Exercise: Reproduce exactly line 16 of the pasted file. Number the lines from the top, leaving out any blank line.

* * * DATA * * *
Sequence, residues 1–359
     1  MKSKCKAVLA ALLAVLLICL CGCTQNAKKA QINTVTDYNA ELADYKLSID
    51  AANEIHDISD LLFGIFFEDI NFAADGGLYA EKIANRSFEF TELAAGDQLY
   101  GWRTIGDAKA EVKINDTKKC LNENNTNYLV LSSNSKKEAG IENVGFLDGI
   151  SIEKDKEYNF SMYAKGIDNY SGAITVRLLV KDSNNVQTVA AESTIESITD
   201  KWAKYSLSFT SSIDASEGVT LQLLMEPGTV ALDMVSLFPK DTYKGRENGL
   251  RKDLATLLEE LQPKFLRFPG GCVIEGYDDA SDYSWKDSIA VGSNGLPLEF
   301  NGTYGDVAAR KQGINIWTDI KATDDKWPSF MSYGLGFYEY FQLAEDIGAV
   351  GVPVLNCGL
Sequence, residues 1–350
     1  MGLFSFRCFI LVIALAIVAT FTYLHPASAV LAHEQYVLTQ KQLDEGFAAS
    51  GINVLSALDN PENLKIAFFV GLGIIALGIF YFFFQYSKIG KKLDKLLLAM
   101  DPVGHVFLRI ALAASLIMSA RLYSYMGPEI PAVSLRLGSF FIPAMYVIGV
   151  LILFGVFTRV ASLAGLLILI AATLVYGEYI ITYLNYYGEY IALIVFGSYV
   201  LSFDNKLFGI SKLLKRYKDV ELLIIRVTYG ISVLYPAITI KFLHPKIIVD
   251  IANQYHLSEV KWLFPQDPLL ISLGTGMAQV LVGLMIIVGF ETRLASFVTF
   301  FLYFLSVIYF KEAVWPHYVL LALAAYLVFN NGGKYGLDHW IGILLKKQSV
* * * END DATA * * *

   251  IANQYHLSEV KWLFPQDPLL ISLGTGMAQV LVGLMIIVGF ETRLASFVTF